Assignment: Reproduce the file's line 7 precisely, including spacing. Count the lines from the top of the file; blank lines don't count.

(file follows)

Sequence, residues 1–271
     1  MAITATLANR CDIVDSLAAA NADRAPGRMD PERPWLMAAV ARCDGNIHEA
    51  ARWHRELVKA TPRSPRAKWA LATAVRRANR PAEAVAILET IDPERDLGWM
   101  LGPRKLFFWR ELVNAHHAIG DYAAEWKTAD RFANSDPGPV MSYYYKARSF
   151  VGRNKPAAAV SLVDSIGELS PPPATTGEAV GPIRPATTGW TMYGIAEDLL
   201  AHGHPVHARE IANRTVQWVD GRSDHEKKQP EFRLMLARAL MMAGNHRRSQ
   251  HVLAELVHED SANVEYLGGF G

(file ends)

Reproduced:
   251  HVLAELVHED SANVEYLGGF G